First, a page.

Could simply doing some light housework each day be good for your long-term physical health?

It is well established that moderate and vigorous physical intensity is good for your overall health. While on the flipside, it’s recently been scientifically understood that spending the majority of the day sitting is bad for your health, and has an increased risk for chronic diseases and premature death. Physical health guidelines and recommendations in the United States suggest that at least 150 minutes per week of moderate physical activity (such as brisk walking) and avoiding prolonged sitting should be what the typical adult strives for.

A group of researchers from the University of Leicester wanted to take these studies a bit further and ask the question, “can light physical activity still count towards better health?” Turns out, the answer is yes. 

Light physical activity each day such as cooking or doing laundry is enough to help substantially lower your risk of early death. By just moving a bit more and sitting a little less, the study found that people can raise their chances for a longer life.

The study was led by the Norwegian School of Sport Sciences. They combined data from eight different studies across the US, UK and Scandinavia. Over 36,000 participants aged 40 or older wore a motion sensor (accelerometer) or a belt around their waist between 4-7 days. They were followed for about 6 years and data was collected throughout this time. The researchers made sure to keep other influential factors into account by adjusting for things such as sex, socioeconomic status, age, smoking, and body mass index to keep a fair study.

One of the major advantages of this study was the use of physical activity monitors, as previous data was driven from large observational studies where people self-reported their physical activity. Overall, people tend to over-report how physical they are which can skew total data. This was the largest study to date examining the associations between device measured physical activity and the risk of death.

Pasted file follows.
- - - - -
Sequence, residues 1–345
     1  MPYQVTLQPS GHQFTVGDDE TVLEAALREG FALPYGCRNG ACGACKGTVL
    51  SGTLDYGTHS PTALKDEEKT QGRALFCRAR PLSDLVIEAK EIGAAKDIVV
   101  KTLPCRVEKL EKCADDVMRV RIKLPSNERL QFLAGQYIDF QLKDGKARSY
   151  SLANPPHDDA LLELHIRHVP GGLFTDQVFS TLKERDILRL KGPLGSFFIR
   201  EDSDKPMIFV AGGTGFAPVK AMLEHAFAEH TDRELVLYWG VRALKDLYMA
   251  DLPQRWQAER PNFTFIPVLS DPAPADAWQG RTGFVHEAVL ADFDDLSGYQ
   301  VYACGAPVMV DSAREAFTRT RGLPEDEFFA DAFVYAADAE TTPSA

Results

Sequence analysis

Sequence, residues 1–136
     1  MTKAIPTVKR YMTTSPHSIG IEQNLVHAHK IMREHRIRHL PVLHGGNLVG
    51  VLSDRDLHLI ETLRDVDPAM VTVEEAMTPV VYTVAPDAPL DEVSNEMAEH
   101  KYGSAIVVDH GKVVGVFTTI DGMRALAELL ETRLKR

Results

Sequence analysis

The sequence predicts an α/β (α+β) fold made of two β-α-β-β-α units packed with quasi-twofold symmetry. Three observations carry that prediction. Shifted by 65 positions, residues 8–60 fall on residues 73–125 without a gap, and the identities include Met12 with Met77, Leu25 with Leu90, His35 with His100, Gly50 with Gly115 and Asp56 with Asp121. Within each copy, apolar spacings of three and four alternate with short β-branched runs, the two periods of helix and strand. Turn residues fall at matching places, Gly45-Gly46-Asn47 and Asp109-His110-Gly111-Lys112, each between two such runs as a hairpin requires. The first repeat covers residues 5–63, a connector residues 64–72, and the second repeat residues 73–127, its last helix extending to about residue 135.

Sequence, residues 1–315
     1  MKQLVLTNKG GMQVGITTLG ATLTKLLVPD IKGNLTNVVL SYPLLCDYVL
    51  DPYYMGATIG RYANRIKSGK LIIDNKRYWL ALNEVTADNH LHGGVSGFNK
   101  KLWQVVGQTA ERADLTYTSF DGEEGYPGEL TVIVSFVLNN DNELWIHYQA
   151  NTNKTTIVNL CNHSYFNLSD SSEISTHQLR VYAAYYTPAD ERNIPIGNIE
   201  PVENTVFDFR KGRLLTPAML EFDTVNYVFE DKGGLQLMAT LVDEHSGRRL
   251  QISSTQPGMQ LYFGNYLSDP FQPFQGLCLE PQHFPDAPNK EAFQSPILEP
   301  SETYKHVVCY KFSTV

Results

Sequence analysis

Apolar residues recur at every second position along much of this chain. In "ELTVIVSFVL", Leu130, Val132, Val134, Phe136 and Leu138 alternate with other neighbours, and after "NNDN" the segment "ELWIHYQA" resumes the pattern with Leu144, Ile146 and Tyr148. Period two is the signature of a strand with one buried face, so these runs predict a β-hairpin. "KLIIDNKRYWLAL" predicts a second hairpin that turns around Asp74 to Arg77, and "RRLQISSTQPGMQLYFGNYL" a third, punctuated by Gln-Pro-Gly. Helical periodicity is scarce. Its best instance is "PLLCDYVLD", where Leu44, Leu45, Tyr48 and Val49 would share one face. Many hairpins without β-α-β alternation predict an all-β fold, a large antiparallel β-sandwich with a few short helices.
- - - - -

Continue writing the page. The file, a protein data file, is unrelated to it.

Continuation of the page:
Deaths fell steeply as levels of light-intensity activity increased. Every minute up to five hours offered additional benefits for a person's wellbeing. When intensity of the physical activity is increased to a moderate level, they saw similarly steep decreases in deaths. This occurred up to a plateau of 24 minutes a day. Moderate level house work could include moving the lawn or vacuuming. 

It had previously been understood that more is better when it comes to activity. This study, though, suggests that moderate activity over 24 minutes a day doesn’t add any additional benefits when it comes to early death. Health can be optimized at lower levels.

“These findings really reinforce the saying ‘Doing something is better than doing nothing,” said Dr. Charlotte Edwardson, an associate professor at the university. “They show that physical activity of any intensity lowers the risk of death.”

The researchers also found that high amounts of sedentary time, like sitting, above 9.5 hours a day was associated with an increased risk of death. Sitting levels below this threshold did not have a strong link between any differences in risk. This means sitting four hours a day or six hours a day would cause the same amount of effects towards your overall health.

Due to being only an observational study, the researchers cannot say there is a true causal association between physical activity and the risk of death, but results are positive. Future research in the area can help us understand the association on a wider scale and if it could be generalized to the large public, like including younger individuals and those from undeveloped countries.

Next time you aren't able to make it to the gym, consider modest increases in your physical activity at the home. Chasing your children around outside, cleaning out piles in your garage, or gardening are some of the few and easy ways you can get some light exercise in. The overall health benefits of being on your feet are substantial at giving you a better overall health.

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